Cedar Forest

Once covering much of the Lebanese high mountains from 1200m to 1900m the Cedar forests are now reduced to just 12 stands from North Lebanon to Maasser el Shouf. Most iconic of all Lebanese trees, they have been used as a source of timber for thousands of years. Nevertheless they are superb survivors, managing to grow where no other tree can survive. In fact, their survival strategy is to cope with the most extreme conditions where there are few competing trees for the resources of water and sunlight. With the exception of Horsh Ehden, this means most Cedar forest is composed of only cedars. Most of the biological material is locked up in wood and resinous needles, which in turn means there is little plant material to eat for herbivores. This, together with the harsh environment make Cedar forests quiet places with little in the way of bird and animal life.

Three Cedar forests, Horsh Ehden (left), Tannourine (middle), and the Cedars above Becharre (right)

Although reduced in numbers of animal species, there are some specialists that make their living amongst the high altitude trees. Birds that can be found include; The Wren (Troglodytes troglodytes), Black Redstarts (Phoenicurus ochruros), Lesser Whitethroat (Sylvia curruca) right in the hand (see Birds), Coal Tit (Parus ater) and Great Tit (Parus major)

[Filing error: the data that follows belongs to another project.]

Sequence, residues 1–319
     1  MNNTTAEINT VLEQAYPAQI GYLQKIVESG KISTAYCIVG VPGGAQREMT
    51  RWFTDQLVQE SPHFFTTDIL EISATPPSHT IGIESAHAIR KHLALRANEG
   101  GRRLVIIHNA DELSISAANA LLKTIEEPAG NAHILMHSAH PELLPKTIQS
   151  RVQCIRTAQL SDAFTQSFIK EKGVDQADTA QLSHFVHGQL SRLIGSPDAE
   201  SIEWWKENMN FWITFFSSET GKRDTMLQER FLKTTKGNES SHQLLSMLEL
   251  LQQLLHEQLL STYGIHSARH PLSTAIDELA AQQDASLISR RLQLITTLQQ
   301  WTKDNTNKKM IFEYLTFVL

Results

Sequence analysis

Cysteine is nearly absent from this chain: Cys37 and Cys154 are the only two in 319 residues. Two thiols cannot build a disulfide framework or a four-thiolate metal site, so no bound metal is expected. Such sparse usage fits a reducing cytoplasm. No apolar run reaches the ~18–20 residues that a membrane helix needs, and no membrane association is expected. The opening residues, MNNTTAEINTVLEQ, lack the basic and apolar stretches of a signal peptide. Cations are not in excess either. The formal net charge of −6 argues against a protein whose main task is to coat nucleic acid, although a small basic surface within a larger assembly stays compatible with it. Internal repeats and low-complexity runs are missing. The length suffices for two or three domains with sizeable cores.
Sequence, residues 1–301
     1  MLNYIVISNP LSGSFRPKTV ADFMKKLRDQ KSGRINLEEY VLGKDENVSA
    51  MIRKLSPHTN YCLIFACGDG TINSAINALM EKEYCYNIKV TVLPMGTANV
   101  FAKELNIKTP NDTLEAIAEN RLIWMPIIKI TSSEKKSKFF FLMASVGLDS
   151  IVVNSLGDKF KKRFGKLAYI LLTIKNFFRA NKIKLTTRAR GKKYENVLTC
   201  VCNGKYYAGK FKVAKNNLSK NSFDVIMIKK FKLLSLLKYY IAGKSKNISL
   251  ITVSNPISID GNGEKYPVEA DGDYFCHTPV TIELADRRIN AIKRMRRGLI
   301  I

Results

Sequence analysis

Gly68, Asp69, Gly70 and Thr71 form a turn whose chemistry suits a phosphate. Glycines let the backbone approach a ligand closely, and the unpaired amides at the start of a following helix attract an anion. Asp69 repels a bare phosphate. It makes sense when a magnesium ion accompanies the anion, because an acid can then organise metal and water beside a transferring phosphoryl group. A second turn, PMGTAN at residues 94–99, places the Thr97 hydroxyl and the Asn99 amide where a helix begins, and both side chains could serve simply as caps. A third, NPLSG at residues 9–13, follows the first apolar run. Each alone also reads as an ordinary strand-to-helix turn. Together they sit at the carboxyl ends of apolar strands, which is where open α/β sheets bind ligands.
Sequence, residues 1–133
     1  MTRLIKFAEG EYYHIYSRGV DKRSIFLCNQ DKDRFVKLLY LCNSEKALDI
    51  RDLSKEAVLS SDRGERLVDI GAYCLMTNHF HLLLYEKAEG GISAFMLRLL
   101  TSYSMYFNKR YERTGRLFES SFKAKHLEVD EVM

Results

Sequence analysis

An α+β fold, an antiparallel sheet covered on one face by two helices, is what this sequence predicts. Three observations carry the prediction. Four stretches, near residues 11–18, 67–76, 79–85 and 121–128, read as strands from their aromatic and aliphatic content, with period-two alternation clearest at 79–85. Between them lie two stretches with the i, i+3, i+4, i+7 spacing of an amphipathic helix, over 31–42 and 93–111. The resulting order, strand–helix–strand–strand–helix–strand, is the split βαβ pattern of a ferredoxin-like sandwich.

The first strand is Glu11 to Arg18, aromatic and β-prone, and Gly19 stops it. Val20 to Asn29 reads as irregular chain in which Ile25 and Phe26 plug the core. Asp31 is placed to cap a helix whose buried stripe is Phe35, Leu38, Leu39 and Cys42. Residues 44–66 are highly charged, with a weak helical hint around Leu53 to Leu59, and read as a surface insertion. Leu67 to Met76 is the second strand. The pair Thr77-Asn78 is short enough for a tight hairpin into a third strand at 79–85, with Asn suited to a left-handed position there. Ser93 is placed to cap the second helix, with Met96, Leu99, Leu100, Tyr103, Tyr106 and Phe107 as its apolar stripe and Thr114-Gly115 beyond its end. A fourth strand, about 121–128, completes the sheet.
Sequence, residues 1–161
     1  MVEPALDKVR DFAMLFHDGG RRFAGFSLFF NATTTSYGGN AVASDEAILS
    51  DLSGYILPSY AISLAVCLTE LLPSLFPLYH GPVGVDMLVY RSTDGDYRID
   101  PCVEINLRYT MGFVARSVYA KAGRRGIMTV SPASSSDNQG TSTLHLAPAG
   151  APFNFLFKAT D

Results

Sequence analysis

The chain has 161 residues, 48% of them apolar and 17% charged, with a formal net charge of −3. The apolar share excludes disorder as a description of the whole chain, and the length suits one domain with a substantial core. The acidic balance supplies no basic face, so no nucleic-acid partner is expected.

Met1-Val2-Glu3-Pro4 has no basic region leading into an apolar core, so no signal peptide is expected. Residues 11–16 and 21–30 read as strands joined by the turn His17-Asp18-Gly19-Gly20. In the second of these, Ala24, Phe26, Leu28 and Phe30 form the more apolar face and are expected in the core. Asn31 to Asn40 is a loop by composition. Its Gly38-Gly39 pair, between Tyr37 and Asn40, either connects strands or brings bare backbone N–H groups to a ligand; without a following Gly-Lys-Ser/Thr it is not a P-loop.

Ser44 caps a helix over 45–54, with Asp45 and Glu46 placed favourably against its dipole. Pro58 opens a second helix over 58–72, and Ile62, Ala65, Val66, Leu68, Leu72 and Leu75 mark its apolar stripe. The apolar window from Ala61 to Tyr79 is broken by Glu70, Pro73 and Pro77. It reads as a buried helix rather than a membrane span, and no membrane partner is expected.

Although the number of resident birds is few, these magnificent forests are the setting for some of the most spectacular migrating species such as the Lesser Spotted Eagle (Aquila pomarina) shown left –thousands can pass over these ancient trees in a day. (See Birds & Migration)

Cedar forests, and the associated rocky ledges are the home of high altitude mammal specialists too. If you are lucky you might see the Rock Hyrax (Procavia capensis), right. You will find it hard to believe, its closest living relative is the Elephant!